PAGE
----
In here, https://en.wikipedia.org/wiki/Degrees_of_freedom_(mechanics),
the degree of freedom is defined as "the number of independent parameters that define its configuration." So, if $N$ particles are in the system, the degree of freedom is $3N$.

But here, https://en.wikipedia.org/wiki/Degrees_of_freedom_(physics_and_chemistry),
defined as "The set of all dimensions of a system is known as a phase space, and degrees of freedom are sometimes referred to as its dimensions." In this sense, the degree of freedom is $6N$.

What is the definition of the degree of freedom?


2 Answers 2


A degree of freedom is basically a system variable that's unbound (free).

We say "degrees of freedom" rather than just "variables" to clarify that we're referring to that freeness of the system rather than a specific count of variables.

For example, consider a 2-D grid with a particle at $\left(x,y\right)$. We can also refer to that particle's location in terms of polar coordinates, $\left(r,\theta\right)$. So that's 4 variables: $\left\{x,y,r,\theta\right\}$; however, at most we can only fill in 2 of them. This is what we mean by the system having "2 degrees of freedom": sure there're more than 2 variables, but only 2 of them are free.

Example: $3n$ vs. $6n$ from the question

If you have a system of $n$ particles, then their positions have $3n$ degrees-of-freedom:

  • 1 for each $x$ coordinate;

  • 1 for each $y$ coordinate; and

  • 1 for each $z$ coordinate.

But what if you want to include their velocities? Then you need $3n$ more for the components of velocity: $v_x$, $v_y$, and $v_z$. That brings it to $6n$.

However, neither $3n$ nor $6n$ is particularly fundamental or worth memorizing. You'll generally want to think out the number of degrees of freedom every time you consider a physical situation.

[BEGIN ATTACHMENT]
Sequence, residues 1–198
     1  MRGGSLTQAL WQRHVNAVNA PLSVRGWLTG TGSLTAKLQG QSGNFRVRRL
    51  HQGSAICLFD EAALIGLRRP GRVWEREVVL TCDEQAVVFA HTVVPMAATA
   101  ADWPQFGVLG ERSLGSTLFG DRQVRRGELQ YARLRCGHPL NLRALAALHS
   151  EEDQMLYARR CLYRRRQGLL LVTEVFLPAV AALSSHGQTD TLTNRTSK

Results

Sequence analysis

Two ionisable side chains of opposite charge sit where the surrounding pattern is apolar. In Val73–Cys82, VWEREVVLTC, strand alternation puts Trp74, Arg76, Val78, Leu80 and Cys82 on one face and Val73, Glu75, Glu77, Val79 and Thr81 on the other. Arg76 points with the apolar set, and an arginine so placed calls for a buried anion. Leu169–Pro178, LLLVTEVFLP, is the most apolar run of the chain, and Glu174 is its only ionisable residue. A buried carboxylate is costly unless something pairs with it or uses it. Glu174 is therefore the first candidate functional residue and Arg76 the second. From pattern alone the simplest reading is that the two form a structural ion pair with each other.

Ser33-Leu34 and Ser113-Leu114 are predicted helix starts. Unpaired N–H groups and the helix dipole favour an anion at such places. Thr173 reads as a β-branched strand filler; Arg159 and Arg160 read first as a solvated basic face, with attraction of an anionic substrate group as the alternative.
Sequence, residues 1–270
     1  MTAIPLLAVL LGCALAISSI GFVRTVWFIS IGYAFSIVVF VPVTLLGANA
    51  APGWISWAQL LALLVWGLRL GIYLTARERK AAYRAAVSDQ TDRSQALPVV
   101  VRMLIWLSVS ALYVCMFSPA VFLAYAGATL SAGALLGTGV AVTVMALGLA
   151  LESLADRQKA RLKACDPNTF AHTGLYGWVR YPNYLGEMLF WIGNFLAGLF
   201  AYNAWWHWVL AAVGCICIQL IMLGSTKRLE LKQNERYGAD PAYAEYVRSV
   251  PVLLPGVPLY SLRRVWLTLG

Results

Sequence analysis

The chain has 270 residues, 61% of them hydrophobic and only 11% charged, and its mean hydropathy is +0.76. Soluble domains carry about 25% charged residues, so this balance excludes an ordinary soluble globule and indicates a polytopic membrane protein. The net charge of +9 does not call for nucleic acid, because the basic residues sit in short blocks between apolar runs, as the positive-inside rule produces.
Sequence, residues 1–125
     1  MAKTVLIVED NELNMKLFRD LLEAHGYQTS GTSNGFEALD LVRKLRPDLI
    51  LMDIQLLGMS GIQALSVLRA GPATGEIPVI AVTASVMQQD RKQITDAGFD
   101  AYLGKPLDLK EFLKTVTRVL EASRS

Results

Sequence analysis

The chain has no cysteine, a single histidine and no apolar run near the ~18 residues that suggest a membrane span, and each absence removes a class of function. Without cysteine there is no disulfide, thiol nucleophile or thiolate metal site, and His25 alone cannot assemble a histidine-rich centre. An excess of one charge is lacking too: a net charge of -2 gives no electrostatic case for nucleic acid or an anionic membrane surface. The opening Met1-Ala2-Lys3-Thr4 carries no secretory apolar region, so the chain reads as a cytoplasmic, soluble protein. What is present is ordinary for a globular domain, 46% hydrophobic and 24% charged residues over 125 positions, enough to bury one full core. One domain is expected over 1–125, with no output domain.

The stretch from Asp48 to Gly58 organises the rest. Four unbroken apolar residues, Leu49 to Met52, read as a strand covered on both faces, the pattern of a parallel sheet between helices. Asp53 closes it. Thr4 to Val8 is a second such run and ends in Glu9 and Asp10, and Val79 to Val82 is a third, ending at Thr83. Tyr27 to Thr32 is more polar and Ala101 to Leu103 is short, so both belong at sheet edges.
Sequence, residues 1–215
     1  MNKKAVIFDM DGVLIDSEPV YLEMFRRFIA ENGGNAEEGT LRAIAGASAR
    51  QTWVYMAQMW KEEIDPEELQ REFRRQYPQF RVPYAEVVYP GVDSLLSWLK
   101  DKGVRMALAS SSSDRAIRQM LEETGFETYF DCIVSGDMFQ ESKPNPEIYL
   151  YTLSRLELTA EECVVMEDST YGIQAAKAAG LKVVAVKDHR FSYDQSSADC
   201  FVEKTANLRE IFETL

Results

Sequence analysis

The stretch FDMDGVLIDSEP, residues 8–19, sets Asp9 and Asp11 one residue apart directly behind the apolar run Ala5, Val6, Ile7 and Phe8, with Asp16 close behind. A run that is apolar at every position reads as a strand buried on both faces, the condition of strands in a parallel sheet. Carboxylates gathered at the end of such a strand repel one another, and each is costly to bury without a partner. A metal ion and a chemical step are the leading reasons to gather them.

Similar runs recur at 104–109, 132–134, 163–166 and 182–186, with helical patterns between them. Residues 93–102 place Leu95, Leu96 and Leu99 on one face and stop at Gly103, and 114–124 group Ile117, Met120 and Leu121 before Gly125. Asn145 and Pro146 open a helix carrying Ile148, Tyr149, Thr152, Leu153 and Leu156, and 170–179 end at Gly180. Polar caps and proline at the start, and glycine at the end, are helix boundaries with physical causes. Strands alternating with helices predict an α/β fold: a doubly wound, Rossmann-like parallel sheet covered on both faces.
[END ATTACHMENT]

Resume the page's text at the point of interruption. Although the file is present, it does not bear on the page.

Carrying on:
The good definition is the one you cite in the first paragraph, as long as we understand that "configuration" doesn't mean just "spatial arrangement". We must understand that "configuration" means spatial arrangement and velocity arrangement (configuration in the phase space).

If we take that definition literally, the answer is also $6N$, and so there is no problem at all.

If you are in $\mathbb{R}^3$, your space has three parameters. If you have N molecules, specifying the coordinates $(x,y,z)$ of each one means giving $3N$ numbers, and that perfectly describes unambiguously the spatial distribution of the particles.

However, that is not compelte enough because that system can evolve in infinite ways. We must also specify all the velocities, which are also vectors, so we have $6N$ parameters. That's enough for Newton's lawas to solve all the equations of motions (theoretically, of course, but this can hardly be done in reality).

So we must understand that "configuration" refers to "configuration in the phase space", i.e. configuration in positions' space and velocities' space.


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